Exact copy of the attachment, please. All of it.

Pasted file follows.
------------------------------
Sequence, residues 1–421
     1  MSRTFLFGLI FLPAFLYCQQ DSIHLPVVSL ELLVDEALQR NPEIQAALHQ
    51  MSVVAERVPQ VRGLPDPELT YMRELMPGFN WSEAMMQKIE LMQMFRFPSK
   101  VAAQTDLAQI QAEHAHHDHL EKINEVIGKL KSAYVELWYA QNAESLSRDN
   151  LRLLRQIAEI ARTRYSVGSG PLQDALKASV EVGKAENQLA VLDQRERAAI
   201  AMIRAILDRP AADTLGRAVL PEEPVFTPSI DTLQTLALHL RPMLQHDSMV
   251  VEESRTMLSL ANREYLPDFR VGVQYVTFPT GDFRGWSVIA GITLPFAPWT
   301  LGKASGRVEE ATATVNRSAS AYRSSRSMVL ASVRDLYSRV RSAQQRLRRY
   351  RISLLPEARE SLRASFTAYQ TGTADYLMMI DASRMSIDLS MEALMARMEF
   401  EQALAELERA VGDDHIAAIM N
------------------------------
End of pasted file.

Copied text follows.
Sequence, residues 1–421
     1  MSRTFLFGLI FLPAFLYCQQ DSIHLPVVSL ELLVDEALQR NPEIQAALHQ
    51  MSVVAERVPQ VRGLPDPELT YMRELMPGFN WSEAMMQKIE LMQMFRFPSK
   101  VAAQTDLAQI QAEHAHHDHL EKINEVIGKL KSAYVELWYA QNAESLSRDN
   151  LRLLRQIAEI ARTRYSVGSG PLQDALKASV EVGKAENQLA VLDQRERAAI
   201  AMIRAILDRP AADTLGRAVL PEEPVFTPSI DTLQTLALHL RPMLQHDSMV
   251  VEESRTMLSL ANREYLPDFR VGVQYVTFPT GDFRGWSVIA GITLPFAPWT
   301  LGKASGRVEE ATATVNRSAS AYRSSRSMVL ASVRDLYSRV RSAQQRLRRY
   351  RISLLPEARE SLRASFTAYQ TGTADYLMMI DASRMSIDLS MEALMARMEF
   401  EQALAELERA VGDDHIAAIM N